Legalizing marijuana should not include smoked form, say U-M experts
ANN ARBOR—As several states continue the debate over legalizing marijuana for recreational use, three University of Michigan researchers urge policymakers to take lessons learned from the dangers of cigarette smoking into account and consider legalizing only noncombustible forms of the drug.
In an article in Health Affairs, Rebecca Haffajee, Alex Liber and Kenneth Warner argue that lawmakers should limit marijuana use to forms that are not smoked because of the evidence tobacco research has shown when combustible products are used.
“We argue that, from a public health perspective, limiting recreational marijuana legalization to products that are not smoked, namely edibles for eating and oils for vaporizing, is preferable to legalizing all marijuana products,” said Rebecca Haffajee, assistant professor of health management and policy at the U-M School of Public Health.
“Evidence is building that smoking marijuana, like smoking cigarettes, causes disease, and because high-quality alternative sources of THC exist, we would be smart to only let the safer products develop into a legal market.”
Haffajee said marijuana smoke, like tobacco, likely contains carcinogens in the burning process, as it creates hundreds of chemical compounds and toxins, many of which are hazardous to human health.
Cigarette smoking causes cancer, heart and lung disease, and death. Research has shown the health risks for smokeless and vaporized products are estimated to be roughly 90 percent less than combustible tobacco.
“We know from many years of tobacco research that the most dangerous way for a person to get their nicotine is to light it on fire and inhale,” Haffajee said. “The same principles are likely to hold true for marijuana products, and policymakers should act to limit marijuana combustion before we suffer from health hazards similar to those wrought by tobacco smoking.”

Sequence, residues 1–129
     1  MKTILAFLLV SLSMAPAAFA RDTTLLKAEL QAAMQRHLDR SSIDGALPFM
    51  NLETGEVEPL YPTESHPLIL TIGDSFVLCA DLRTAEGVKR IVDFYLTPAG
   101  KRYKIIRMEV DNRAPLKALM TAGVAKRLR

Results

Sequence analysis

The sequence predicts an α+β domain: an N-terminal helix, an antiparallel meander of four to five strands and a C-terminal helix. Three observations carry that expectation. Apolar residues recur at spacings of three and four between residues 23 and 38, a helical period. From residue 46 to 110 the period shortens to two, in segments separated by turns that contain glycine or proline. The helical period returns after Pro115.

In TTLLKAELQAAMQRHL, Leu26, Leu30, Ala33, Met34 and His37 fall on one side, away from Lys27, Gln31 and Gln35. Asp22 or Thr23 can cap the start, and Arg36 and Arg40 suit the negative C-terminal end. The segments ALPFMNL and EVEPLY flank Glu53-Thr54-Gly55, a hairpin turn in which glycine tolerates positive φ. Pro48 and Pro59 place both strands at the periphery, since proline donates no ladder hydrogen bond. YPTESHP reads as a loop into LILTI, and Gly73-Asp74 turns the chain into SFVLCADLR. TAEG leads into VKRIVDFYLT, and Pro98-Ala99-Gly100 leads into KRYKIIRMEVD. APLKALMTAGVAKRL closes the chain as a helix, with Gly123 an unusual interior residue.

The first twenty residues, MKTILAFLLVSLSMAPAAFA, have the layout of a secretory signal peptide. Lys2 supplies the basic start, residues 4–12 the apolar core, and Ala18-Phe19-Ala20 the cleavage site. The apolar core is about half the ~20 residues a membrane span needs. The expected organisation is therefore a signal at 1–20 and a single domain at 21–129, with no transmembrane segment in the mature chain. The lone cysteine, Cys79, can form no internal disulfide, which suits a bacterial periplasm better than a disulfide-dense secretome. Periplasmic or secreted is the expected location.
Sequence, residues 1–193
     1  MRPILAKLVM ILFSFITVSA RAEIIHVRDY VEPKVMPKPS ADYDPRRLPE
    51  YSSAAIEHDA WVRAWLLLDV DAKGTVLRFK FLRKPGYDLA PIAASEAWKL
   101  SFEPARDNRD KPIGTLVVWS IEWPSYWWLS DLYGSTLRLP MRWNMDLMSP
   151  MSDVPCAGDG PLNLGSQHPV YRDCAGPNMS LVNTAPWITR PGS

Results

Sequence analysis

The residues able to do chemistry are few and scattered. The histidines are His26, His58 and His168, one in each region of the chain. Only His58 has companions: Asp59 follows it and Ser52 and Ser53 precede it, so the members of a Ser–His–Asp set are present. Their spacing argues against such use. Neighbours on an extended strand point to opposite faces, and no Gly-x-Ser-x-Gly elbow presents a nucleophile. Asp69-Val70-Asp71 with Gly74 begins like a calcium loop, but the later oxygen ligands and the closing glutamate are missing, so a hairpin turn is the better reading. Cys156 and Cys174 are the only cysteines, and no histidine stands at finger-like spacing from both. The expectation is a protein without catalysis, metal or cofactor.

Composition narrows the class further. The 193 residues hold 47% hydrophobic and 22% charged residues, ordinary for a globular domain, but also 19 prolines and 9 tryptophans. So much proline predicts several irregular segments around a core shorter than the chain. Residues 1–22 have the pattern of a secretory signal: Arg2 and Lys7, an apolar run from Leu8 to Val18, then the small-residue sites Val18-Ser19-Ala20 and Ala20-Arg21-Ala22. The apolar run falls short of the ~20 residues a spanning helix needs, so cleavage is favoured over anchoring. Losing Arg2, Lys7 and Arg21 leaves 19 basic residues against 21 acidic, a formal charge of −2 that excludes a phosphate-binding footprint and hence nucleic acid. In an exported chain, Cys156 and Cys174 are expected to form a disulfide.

To date, the debate around marijuana legalization has only addressed health from the perspective of harms around youth access and driving while under the influence. Most of the consideration has been about morality, criminal justice and public finance.
Research is only recently surfacing about the harms of combustion with marijuana and impacts on heart and lung health.
Retail sales of recreational marijuana are currently legal in eight U.S. states and the country of Uruguay. Canada and several other states are expected to follow suit.
The authors’ policy recommendations are only for products that are sold on the market.
“Our suggestion here is not to ban the act of smoking marijuana or even to prohibit the growing of plants for private use,” Haffajee said. “But policymakers can build a marijuana market that only permits the sale of relatively safer versions of the psychoactive drug, THC, thereby limiting widespread commercialization and use of combusted marijuana products going forward.”
The researchers admit that the smoked form of marijuana may be a tough sell for those who have only known one way of using the drug, but they believe those that have only come to be users in an age with multiple delivery modes might accept the noncombustible forms.